A member of the Royal Saudi Air Force opened fire with a handgun early Friday in a classroom building at the U.S. Naval Air Station in Pensacola, Florida, where he had been training to become a pilot. The attack killed three people and wounded eight others in an apparent act of terrorism on the base.
In addition, the gunman, identified as Second Lt. Mohammed Saeed Alshamrani, was killed by law enforcement, according to Sheriff David Morgan of Escambia County.
The Saudi airman posted criticisms of the United States on social media mere hours before his shooting spree, according to SITE Intelligence Group, which monitors online extremism.
Alshamrani wrote that he hated the American people for “committing crimes not only against Muslims but also humanity,” and he condemned Washington’s support for Israel, SITE reported. He also quoted Osama bin Laden, the Saudi mastermind of the attacks on the United States on September 11, 2001. It would be difficult to read Alshamrani’s comments without pointing a finger at radical Islamic ideology as a major — if not the major — factor behind the attack.
As history has shown us repeatedly, failing to regard such an attack as a warning sign of possible additional attacks can be catastrophic. We did not see al-Qaeda’s attack on our embassies in Kenya and Tanzania in 1998 as a warning of what would come three years later. The outcome, as we now know, was another, far more lethal attack on our soil. We no longer enjoy the luxury of repeating the same mistake again and again.
Consider, also, that Mohammed Saeed Alshamrani used what he could get his hands on — a handgun — to conduct his attack. What would have happened if he had gained access to more lethal weaponry?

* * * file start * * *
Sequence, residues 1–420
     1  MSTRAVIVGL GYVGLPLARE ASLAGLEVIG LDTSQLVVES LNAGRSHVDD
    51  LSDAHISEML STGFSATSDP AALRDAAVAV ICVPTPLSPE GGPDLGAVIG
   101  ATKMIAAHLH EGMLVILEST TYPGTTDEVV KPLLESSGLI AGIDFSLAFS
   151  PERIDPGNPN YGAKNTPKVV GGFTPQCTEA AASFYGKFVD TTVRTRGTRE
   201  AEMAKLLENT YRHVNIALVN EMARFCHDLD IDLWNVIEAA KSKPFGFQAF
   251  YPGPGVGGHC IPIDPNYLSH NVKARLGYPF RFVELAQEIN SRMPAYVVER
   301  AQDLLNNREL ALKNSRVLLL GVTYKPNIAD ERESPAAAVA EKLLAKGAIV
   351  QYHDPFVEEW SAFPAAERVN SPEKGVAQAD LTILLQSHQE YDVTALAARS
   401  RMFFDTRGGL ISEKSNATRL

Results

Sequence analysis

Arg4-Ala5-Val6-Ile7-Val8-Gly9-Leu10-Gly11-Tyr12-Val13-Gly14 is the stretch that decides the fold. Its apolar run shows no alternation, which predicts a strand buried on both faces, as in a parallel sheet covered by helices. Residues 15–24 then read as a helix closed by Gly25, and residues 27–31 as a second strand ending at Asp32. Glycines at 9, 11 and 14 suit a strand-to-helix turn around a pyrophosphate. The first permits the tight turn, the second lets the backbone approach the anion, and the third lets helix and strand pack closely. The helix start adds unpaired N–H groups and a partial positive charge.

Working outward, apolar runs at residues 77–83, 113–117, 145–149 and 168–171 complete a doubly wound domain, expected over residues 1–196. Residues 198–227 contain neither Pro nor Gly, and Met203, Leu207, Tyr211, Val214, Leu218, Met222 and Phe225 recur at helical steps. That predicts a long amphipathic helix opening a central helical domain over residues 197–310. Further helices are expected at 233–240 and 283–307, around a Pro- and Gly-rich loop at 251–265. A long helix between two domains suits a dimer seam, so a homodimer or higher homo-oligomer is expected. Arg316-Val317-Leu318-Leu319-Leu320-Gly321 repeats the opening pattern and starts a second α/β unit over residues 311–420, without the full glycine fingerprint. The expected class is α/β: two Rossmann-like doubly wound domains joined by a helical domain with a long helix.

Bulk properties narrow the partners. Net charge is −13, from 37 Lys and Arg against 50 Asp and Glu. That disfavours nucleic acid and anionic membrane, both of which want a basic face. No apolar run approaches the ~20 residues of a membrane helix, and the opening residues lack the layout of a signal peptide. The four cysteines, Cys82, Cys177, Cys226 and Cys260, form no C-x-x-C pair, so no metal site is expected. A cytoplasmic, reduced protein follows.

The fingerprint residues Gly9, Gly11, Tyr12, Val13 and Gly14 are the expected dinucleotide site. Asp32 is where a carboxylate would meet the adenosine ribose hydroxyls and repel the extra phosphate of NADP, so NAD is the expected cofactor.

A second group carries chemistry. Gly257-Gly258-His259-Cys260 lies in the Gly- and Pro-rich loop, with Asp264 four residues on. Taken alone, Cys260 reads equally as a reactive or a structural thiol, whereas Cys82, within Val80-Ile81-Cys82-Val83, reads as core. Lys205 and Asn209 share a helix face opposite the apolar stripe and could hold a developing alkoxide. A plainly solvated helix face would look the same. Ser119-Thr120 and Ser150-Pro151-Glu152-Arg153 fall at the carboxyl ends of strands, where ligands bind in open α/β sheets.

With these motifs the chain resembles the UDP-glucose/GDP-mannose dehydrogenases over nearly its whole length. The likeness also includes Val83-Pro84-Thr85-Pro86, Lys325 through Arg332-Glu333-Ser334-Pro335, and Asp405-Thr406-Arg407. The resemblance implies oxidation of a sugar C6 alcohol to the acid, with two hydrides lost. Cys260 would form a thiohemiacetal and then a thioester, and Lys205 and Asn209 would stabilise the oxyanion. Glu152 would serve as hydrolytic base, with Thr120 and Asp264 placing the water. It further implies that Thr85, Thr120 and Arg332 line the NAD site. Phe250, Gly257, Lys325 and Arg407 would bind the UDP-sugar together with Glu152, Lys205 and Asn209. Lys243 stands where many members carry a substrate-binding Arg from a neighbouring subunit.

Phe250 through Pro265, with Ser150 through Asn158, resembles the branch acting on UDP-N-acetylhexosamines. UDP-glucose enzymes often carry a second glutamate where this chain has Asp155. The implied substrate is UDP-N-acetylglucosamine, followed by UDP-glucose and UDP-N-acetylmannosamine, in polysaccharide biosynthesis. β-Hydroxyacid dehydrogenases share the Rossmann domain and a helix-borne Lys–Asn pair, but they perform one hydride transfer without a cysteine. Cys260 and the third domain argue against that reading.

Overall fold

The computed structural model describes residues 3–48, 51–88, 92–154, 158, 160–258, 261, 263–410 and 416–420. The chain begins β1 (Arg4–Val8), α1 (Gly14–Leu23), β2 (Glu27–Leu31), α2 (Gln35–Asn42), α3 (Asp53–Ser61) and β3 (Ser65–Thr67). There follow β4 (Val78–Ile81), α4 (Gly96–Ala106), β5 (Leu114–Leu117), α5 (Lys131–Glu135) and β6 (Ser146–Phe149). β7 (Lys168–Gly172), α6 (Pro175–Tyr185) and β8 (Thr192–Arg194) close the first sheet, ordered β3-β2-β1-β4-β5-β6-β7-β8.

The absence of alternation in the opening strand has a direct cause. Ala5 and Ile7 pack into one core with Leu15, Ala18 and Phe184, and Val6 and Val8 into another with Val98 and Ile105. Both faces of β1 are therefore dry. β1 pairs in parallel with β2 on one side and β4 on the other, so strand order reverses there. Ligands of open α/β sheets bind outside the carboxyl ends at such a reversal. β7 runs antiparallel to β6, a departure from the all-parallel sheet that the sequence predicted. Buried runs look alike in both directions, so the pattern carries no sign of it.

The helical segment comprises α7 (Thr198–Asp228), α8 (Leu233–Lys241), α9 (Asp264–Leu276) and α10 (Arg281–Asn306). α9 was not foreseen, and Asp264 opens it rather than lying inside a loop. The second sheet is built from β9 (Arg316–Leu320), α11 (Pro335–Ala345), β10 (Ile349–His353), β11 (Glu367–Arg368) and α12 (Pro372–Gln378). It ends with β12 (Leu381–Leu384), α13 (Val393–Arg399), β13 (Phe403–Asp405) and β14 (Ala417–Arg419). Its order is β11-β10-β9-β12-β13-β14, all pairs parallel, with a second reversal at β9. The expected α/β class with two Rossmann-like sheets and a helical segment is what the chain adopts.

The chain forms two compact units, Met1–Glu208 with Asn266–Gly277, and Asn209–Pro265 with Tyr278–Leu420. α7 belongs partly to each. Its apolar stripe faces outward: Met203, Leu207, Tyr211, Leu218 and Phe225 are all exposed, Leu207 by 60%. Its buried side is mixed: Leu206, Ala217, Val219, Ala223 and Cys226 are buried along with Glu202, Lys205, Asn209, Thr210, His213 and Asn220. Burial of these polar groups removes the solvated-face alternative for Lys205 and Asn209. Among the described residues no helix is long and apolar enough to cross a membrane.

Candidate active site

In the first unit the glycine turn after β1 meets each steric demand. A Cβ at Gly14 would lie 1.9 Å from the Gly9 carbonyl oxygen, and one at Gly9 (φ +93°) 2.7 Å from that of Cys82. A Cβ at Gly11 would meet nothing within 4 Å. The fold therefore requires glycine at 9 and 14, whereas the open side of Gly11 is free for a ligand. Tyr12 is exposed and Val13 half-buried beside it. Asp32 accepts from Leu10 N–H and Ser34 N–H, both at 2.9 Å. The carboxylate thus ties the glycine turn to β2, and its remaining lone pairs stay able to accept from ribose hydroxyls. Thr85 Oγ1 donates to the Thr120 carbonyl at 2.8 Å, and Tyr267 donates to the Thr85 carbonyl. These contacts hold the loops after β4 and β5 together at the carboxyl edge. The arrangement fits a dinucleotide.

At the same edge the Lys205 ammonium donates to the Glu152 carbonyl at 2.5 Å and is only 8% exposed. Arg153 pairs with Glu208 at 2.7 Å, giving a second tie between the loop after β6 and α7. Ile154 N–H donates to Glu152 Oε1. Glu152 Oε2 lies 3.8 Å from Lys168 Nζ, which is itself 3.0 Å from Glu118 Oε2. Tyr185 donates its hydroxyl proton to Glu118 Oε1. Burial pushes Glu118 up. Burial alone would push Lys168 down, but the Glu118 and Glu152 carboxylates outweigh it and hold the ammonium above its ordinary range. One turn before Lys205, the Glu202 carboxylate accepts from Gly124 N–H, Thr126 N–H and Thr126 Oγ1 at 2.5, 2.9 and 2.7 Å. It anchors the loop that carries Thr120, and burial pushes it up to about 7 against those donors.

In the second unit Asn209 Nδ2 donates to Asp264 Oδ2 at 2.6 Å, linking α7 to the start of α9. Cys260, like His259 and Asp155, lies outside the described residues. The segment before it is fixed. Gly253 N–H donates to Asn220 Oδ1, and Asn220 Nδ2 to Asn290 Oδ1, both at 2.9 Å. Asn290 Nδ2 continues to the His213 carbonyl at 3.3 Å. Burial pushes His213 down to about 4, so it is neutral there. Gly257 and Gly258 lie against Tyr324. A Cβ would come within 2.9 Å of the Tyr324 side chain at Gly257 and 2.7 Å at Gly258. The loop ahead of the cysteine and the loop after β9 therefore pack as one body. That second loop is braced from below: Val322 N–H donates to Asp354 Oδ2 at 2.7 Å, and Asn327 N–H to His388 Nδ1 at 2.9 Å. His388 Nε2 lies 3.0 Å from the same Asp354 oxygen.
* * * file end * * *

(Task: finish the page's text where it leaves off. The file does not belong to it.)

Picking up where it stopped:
According to the U.K. Daily Mail, "A person familiar with the situation asserted that Saudi Air Force officers selected for military training in the United States are intensely vetted by both countries." If so, accepting Alshamrani to be trained at a military base on our territory illustrates a significant and serious failure in detecting early and covert forms of Islamic radicalism.
In other words, whatever safeguards our military and intelligence have installed since 9/11 could not detect Alshamrani’s intentions. Had he been vetted correctly, therefore, he would not have been accepted in the program to begin with. Furthermore, had his signs of radicalism been detected early enough, and correct action taken against him, the attack would never have happened — three people would still be alive and eight others would be uninjured.
The problem goes back at least a decade. Major Nidal Hasan was a U.S. citizen and an Army major who killed 13 people and injured more than 30 others in the Fort Hood mass shooting on November 5, 2009. Apparently, the same flaws in our system that overlooked Hasan remain, allowing Alshamrani to murder under the influence of his radical ideology.
So far, we have been relatively lucky. Islamic radicals have not yet infiltrated our systems to a point allowing them to release a chemical, biological, or nuclear weapon against us. But relying on luck does not a strategy make. It is an option that has ended in disaster multiple times already, and it will only produce more of the same, particularly if radical Muslims manage to infiltrate our military, intelligence, and security agencies at decision-making levels.
We must do more to develop programs and train our personnel to detect early and covert forms of Islamic radicalism — we cannot afford to do anything less. Otherwise, sooner or later, a radical Muslim ideologue will wield not a handgun, but something much, much more lethal.
Dr. Tawfik Hamid is the author of "Inside Jihad: How Radical Islam Works, Why It Should Terrify Us, How to Defeat It." Read more reports from Tawfik Hamid — Click Here Now.
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